PALO ALTO — A group of leading U.S. electronics companies, in an unprecedented move intended to blunt Japanese competition, is expected to announce today that it hopes to commit hundreds of millions of dollars over the next few years to form a consortium and operate a plant to produce key computer-memory chips.
Led by International Business Machines, the group of computer and semiconductor manufacturers has concluded that a large domestic supply of so-called dynamic random access memory chips (DRAMs) is essential to retaining U.S. competitiveness in several key industries. By forming a joint corporation, tentatively called U.S. Memories Inc., these companies would have an alternative to Japanese sources of DRAMs.
The expected announcement today in nearby Santa Clara by an industry trade group is a first step toward forming such a consortium. About a half-dozen companies reportedly are interested in the deal and are willing to fund a detailed plan for the consortium's operations, sources said. Forming the venture would hinge largely on regulatory approval.
Although several of these firms have participated in various joint research projects, this would be the first such large-scale manufacturing venture in this or any other industry. Its approval would also mark a major change in antitrust policy.
In addition to IBM, the firms willing to make an initial commitment include semiconductor makers Intel Corp. and National Semiconductor Corp. and computer company Hewlett-Packard Co.
IBM, in a departure from its traditional policies, is considering contributing DRAM designs to the venture. The company's memory technology, currently used in the production of chips for IBM computers exclusively, is considered to be among the best in the world.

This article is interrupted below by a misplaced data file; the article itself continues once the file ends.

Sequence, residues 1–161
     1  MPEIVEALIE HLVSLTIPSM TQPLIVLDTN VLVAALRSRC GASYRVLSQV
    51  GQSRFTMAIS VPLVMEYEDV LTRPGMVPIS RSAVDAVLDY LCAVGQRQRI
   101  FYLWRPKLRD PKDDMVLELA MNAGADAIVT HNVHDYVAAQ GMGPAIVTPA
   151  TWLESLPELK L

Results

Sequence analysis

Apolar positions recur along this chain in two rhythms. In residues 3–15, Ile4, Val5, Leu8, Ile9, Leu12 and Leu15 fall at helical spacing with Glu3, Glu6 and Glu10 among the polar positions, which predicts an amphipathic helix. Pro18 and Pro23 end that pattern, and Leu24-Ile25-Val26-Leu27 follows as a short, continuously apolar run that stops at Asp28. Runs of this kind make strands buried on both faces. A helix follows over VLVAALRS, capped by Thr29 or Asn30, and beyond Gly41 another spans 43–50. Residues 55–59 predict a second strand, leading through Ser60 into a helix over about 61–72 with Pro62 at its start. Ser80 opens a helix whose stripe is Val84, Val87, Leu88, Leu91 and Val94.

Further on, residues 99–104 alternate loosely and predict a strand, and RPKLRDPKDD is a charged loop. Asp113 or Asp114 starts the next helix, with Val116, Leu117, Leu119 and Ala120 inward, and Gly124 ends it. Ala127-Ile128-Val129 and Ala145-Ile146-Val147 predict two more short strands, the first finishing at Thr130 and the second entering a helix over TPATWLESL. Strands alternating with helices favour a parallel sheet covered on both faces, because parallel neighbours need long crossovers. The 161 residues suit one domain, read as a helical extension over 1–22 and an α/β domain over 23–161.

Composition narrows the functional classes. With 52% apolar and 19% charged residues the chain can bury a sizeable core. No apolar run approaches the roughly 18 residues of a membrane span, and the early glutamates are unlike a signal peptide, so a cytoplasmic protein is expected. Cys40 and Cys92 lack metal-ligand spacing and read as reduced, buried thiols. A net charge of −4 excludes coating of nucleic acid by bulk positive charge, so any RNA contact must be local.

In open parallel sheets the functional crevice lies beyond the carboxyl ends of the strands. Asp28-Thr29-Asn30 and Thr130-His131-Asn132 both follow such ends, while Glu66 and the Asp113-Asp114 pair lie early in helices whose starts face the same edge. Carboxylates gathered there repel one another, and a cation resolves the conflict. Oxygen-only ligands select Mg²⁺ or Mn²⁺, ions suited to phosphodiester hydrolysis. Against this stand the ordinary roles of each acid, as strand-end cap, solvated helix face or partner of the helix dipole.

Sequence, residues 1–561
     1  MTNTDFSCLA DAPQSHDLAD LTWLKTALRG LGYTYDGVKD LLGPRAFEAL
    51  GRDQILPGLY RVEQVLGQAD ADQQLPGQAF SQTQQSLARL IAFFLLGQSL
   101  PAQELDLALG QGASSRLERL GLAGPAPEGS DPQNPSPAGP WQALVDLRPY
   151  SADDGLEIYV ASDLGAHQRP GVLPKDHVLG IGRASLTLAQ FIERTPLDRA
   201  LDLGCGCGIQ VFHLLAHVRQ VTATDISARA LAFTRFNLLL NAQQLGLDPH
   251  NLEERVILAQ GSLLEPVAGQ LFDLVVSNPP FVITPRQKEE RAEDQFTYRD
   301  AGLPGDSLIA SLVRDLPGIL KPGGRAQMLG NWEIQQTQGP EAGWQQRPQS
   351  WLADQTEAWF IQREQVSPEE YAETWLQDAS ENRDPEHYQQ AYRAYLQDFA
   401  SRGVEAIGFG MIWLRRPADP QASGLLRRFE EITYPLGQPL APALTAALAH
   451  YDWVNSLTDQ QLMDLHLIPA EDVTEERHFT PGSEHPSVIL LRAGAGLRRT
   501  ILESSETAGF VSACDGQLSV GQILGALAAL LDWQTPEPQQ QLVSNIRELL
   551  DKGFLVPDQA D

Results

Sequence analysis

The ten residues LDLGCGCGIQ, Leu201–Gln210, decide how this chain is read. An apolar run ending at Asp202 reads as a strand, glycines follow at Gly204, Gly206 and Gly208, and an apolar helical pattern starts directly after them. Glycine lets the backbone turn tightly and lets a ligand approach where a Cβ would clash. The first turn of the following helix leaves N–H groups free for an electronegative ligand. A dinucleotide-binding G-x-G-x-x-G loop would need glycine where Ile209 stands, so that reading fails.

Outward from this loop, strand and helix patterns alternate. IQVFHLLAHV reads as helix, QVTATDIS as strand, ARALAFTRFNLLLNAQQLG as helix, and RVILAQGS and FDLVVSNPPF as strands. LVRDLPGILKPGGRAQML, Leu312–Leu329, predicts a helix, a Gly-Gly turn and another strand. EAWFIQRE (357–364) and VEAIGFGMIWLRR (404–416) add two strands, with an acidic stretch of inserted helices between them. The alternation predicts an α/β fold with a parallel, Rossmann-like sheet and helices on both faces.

It is expected to take several months for the firms in the consortium to decide whether to actually commit millions of dollars to form the corporation and begin manufacturing the DRAMs.
The firms are not expected to seek government funding, at least initially, but the venture almost certainly will need exemptions from antitrust restrictions, since its participants are competitors and customers of one another.
"Any consortium that brings together U.S. electronics companies to further our global advantage is a step in the right direction," said William Krause, chairman of the American Electronics Assn. "I find this to be a very positive step," added Krause, who was familiar with the consortium plans.
DRAMs, pronounced "DEE-rams," are essential computer components that store information.
U.S. firms invented the DRAM, but one-by-one U.S. manufacturers left the market in the early 1980s in the face of softening demand and intense Japanese competition. Three U.S. firms now hold only a small share of the $6-billion worldwide market.
DRAMs are known as technology "drivers" because they are produced in high volumes and the skills learned in making them can be applied to other semiconductor products.
In the past few years, the DRAM has become the focal point of trade tensions between the United States and Japan as the federal government investigated charges that Japanese producers were dumping, or selling the chips below cost, in the U.S. market.
In 1986, when the United States and Japan signed an unusual trade pact that set minimum sales prices for certain imported Japanese DRAMs, government officials expected that U.S. firms would use the window to reenter the market. But only one major U.S. firm--Motorola Inc.--has done so.
For the past year, several U.S. firms have explored the possibility of making the chips but were scared away by prohibitive costs and the fear that efficient Japanese producers would continue to dominate the market.
In an interview earlier this year, Intel Corp. Chairman Gordon Moore said he estimated that setting up a DRAM line would cost $200 million to $300 million. "And that's only the down payment. You have to maintain your technology from generation to generation," he said.